Nevermind that “Sex God” was like episode 1 of the Star Wars trilogy that was “Velvet Elvis” (in terms of ideas and skillful writing). Not that I think “Velvet” was the pinnacle of all human literature either, but I certainly enjoyed it more.

Ben – You raise a great question. I think that the distance I have experienced has come out of both an apathy – lack of reading, interest and application to my current setting – as well as some questions about the ecclesiology of some authors.

Matt – I hope that you enjoy the new theme. I just thought that it was time for a change. I certainly feel the same “attraction” for the missional church – but have just experienced this by reputation, and not particularly by reading. Do you have other resources to recommend other than Hirsch? I am curious… And yes, Kevin will have the answer 🙂

gavoweb – You articulated well, what I think I was trying to say in the original post – a reminder of getting back to roots. Now I do think that I would have trouble with being called “rooty”…

deviantmonk – Did you mention candles? I think that is key to any renewal movement within the church. /removes tongue from cheek. I think you are right on with the assessment of Bell and McLaren.

Ben – I have yet to read Velvet Elvis, but appreciate the trilogy / episode one comparison 🙂

I won’t load you down since I’ve already helped incite a “wish-listing” frenzy in you! 🙂 You may want to check out Missional Church: A Vision for the Sending of the Church in North America edited by Darrell L. Guder. It’s not as “catchy” as Hirsch, but still very good and foundational to the missional movement.

I think that my thing is that I’m sick of the word, “emerging.” It’s not even what much of it stands for, it’s just the whole hype around it…interesting since much of what emerging is against is hype. I still think that churches should strive to be authentic, that leadership should be vulnerable, that there should be an emphasis on living in community within the church as well as outside the walls. Plus…I like candles. But yeah…done with “emerging.”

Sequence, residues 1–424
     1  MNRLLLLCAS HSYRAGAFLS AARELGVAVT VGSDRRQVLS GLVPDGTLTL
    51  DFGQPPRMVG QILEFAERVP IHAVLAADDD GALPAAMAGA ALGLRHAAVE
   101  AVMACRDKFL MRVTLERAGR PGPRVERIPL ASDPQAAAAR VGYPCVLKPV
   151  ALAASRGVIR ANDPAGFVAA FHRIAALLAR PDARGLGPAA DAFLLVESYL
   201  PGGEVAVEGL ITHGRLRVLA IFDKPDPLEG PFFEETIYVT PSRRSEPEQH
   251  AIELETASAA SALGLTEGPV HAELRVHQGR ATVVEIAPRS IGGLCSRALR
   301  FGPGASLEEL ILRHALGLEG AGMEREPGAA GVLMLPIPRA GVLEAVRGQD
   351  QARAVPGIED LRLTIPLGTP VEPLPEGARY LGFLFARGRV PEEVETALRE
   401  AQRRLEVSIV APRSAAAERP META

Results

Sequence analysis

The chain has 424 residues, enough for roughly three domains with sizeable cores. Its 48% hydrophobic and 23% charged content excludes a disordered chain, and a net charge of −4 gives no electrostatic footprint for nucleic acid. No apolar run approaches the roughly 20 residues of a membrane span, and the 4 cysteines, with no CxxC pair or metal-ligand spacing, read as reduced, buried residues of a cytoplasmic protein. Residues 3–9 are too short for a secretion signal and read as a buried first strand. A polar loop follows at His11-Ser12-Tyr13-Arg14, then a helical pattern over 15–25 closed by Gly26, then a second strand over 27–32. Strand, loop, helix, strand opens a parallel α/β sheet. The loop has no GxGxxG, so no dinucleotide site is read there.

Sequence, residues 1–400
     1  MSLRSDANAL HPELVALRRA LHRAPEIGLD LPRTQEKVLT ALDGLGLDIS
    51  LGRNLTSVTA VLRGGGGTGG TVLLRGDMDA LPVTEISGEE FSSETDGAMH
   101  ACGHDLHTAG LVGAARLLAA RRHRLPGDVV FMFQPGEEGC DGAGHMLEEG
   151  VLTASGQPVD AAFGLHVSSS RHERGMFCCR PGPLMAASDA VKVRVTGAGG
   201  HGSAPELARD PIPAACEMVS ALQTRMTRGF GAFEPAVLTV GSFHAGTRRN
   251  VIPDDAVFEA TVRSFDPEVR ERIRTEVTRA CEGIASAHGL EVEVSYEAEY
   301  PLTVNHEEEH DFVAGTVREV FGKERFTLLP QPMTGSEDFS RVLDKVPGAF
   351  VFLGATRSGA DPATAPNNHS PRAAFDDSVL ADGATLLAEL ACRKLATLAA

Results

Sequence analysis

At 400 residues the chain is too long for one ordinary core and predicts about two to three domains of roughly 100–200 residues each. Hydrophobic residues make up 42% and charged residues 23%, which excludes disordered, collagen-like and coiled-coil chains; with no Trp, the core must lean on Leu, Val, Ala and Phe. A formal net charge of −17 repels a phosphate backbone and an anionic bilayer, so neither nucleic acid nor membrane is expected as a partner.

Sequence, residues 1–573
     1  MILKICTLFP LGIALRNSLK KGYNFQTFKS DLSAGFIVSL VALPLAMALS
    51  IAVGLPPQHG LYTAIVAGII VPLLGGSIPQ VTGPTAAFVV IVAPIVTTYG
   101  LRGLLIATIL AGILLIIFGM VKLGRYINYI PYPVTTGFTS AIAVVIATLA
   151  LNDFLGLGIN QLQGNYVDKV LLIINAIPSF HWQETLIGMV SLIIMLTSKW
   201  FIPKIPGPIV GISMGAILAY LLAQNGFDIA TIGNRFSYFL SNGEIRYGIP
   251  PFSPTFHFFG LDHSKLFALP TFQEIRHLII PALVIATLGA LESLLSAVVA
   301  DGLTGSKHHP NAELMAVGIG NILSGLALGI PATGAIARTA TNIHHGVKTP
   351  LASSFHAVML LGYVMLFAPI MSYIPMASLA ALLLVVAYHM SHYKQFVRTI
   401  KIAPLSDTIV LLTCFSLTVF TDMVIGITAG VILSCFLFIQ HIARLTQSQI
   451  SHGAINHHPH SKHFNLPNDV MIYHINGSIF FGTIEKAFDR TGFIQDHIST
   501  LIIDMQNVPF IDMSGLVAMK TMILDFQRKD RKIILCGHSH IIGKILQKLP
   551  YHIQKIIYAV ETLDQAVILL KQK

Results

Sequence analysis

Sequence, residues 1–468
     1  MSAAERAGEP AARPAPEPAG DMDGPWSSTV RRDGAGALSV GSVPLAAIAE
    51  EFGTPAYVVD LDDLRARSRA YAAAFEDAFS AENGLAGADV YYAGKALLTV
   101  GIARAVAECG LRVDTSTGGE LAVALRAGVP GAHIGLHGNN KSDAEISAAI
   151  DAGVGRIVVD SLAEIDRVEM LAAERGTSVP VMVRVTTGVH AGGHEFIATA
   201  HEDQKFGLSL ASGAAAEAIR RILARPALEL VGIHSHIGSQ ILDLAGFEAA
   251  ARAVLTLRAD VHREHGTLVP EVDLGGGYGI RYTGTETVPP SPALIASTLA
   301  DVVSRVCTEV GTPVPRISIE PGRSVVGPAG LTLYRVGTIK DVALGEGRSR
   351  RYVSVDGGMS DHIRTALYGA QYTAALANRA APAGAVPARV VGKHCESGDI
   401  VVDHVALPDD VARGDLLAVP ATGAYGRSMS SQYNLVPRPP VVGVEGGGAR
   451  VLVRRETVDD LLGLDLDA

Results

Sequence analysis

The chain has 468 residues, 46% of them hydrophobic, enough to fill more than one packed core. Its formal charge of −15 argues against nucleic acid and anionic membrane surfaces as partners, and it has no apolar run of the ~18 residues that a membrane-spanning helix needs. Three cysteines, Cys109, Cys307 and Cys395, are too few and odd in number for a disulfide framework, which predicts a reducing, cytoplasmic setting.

Andrew: I’ve been thinking a lot about this since first reading your post, because I’m actually not bored at all. Maybe it takes longer for things to find their way to New England, or maybe I’m just slow on the uptake — but it seems to me this is at the heart of what the emerging “conversation” is all about… It’s not about adopting a “brand” or opening an emerging franchise. It’s not about Rob Bell. It’s not about hype or technique or worship style, and it’s certainly not about candles. It’s about forming authentic communities within particular contexts and keeping a missional perspective. I’m not bored with the conversation, but I also don’t feel the need to use the “emerging” label all the time either. That anti-label, post-institutional approach seems pretty emerging to me.

Matt – Thanks for the tip. I read Guder’s book in seminary and agree that it is excellent.

Janelle – Thanks for your thoughts around churches – authenticity, vulnerability, communal living. Great stuff.

Allen – I do not think that you are slow on the uptake and I would assert that cultural trends are slower to get to Kansas. I have wondered if the transition to a postmodern mindset started on the coasts and is filtering to the center of the country. I have found other cultural trends to move in this way – particularly when visiting my wife’s family in North Carolina.

I think that you are right on with the contextual communities living out of a missional mindset. Maybe I am just tired of people talking about being “emergent” and not living as a disciple of Jesus Christ sent out to the community of which she or he is a part.

I appreciate your corrective. It makes me think a bit harder about this original post. Thank you for helping shape my thinking.